WASHINGTON — Two Democrats on the U.S. House Judiciary Committee, including the panel's chairman, asked the National Archives on Tuesday for records from Supreme Court Justice Brett Kavanaugh's service in the White House under former President George W. Bush.
In a letter to the National Archives and Records Administration, Chairman Jerrold Nadler and Representative Hank Johnson said they were seeking records from 2001 to 2006 that include documents unavailable during Kavanaugh's 2018 Senate confirmation, which was dominated by allegations of sexual misconduct.
The lawmakers said the committee is considering legislative proposals to create a "code of conduct for Supreme Court justices" involving the transparency of court proceedings, the adequacy of justices' financial disclosures and circumstances in which justices or judges must disqualify themselves from cases.
"The court's fidelity to the principles of equal and impartial justice, as well as the public's faith in the integrity of the judiciary, are foundational to maintaining the rule of law," they wrote.
Officials at the Supreme Court were not immediately available for comment. The National Archives had no immediate comment.
The Republican-led Senate voted 50-48 to confirm Kavanaugh to the high court last year after hearings dominated by accusations that he sexually assaulted Christine Blasey Ford in 1982. Kavanaugh, who had served on the special counsel team that investigated Democratic President Bill Clinton in the 1990s, forcefully denied the allegations.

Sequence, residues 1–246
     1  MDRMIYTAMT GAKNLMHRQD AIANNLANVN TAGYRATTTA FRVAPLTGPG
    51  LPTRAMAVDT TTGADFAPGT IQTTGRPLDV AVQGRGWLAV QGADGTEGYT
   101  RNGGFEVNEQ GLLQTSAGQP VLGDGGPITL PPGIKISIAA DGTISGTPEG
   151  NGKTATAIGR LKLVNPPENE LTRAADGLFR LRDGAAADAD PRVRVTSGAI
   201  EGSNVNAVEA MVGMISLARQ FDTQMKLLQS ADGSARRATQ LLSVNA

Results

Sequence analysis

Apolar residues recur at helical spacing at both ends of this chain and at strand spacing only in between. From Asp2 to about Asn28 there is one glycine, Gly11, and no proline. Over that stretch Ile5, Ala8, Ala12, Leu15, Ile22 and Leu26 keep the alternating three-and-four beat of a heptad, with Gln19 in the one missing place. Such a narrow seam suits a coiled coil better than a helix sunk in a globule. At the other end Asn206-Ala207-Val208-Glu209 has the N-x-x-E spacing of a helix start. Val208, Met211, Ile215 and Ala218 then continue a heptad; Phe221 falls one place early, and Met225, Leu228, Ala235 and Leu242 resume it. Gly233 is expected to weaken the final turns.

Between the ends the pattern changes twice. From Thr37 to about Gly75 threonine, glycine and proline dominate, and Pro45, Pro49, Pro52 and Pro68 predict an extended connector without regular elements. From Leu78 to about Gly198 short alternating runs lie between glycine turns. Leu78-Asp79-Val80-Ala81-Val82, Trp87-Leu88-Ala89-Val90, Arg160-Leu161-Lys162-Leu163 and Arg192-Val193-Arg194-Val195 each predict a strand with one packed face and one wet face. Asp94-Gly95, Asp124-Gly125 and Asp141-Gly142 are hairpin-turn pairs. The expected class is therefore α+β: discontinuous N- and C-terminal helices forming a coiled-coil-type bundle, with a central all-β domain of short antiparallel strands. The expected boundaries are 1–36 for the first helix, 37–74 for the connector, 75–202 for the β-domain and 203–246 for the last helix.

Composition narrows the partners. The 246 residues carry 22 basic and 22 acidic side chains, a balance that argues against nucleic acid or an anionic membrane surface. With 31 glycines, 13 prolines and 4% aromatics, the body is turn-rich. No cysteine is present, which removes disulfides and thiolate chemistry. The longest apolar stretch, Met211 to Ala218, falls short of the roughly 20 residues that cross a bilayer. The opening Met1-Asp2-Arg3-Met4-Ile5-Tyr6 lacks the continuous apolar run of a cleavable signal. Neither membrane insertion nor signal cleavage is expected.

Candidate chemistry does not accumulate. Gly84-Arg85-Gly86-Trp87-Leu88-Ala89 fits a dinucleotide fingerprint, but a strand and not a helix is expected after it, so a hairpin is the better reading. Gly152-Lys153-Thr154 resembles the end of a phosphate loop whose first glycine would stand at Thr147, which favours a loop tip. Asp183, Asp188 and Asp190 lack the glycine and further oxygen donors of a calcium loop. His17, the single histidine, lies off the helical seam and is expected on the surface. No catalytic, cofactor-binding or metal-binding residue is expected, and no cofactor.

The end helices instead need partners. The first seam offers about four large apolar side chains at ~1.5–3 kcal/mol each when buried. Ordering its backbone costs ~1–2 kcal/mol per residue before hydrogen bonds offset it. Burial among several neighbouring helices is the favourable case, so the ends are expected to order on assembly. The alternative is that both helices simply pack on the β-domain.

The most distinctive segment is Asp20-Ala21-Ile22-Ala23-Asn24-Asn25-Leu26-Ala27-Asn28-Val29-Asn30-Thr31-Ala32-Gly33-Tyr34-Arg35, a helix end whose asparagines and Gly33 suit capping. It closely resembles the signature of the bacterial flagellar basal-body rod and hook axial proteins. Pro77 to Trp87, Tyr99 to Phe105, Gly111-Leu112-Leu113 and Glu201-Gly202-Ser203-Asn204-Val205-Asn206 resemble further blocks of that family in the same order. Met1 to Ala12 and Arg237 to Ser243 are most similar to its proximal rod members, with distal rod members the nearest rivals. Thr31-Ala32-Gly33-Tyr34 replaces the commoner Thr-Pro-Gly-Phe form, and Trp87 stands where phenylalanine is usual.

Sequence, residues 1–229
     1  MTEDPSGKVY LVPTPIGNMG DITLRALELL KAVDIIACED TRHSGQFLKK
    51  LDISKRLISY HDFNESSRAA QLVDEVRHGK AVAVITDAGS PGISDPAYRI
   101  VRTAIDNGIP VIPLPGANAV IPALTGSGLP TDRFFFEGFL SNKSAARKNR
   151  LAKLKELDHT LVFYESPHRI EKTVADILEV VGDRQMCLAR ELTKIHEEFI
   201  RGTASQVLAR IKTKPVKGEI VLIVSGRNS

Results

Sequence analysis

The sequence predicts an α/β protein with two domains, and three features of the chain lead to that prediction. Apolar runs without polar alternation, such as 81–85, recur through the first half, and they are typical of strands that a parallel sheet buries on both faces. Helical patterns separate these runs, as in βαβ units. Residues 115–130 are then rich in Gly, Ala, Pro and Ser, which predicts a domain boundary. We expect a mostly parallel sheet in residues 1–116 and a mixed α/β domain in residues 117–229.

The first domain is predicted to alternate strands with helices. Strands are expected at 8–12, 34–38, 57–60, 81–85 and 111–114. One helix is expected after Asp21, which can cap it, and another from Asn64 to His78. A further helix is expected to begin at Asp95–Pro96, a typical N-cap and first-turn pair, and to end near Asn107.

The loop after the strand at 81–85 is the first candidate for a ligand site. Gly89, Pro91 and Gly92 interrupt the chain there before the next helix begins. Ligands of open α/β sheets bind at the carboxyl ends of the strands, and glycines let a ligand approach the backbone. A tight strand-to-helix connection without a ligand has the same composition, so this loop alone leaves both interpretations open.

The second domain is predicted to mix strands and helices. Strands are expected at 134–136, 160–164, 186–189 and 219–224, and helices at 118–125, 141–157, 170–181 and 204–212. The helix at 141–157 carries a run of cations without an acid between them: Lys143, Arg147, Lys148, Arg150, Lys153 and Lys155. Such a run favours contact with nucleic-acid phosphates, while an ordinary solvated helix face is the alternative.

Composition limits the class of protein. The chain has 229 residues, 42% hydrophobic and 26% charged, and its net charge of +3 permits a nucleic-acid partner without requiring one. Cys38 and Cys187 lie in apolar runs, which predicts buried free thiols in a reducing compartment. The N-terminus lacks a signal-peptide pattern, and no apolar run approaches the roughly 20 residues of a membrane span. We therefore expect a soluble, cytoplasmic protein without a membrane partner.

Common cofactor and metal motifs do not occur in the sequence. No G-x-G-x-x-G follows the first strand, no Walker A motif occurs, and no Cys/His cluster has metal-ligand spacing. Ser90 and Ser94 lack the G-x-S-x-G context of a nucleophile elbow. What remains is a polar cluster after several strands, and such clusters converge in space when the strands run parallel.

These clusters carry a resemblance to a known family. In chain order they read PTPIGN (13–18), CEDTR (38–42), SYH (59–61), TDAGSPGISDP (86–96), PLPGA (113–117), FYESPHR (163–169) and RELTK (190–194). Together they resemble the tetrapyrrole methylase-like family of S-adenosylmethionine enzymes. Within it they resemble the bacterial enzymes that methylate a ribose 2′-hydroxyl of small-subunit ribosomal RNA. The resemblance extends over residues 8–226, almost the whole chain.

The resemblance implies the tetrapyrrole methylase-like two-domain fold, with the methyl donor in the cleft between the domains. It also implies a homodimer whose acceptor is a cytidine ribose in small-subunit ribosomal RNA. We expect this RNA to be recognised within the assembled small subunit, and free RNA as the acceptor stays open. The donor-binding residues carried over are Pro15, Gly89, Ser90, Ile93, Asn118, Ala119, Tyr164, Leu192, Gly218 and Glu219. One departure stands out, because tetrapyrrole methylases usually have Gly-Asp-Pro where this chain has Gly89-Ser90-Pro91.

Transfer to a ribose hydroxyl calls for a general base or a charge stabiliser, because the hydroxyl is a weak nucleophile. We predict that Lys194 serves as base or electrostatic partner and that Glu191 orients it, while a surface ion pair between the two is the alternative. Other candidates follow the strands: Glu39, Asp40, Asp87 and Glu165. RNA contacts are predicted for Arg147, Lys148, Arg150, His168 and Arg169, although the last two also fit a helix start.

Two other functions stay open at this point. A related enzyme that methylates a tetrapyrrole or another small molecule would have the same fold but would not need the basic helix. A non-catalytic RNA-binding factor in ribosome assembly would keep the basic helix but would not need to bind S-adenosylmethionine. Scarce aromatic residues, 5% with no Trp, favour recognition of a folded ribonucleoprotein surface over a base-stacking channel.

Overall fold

Nadler and Johnson said the Senate Judiciary Committee voted to recommend Kavanaugh's confirmation to the full Senate after reviewing only a fraction of his White House records. Kavanaugh was nominated to the high court by President Donald Trump.
Representative Doug Collins, the top Republican on Nadler's committee, in a statement denounced the records request as "harassment" and accused Democrats of pursuing a "smear" campaign against a sitting Supreme Court justice.
In their letter, Nadler and Johnson said they wanted records from Kavanaugh's service in the White House counsel's office from 2001 to 2003 and as White House staff secretary from 2003 to 2006. The list includes Kavanaugh's emails and office file textual records from his stint as staff secretary
Johnson chairs the House Judiciary Subcommittee on Courts, Intellectual Property and the Internet, which held a hearing in June on promoting ethics, accountability and transparency in the federal courts.
(Reporting by David Morgan; Editing by Dan Grebler)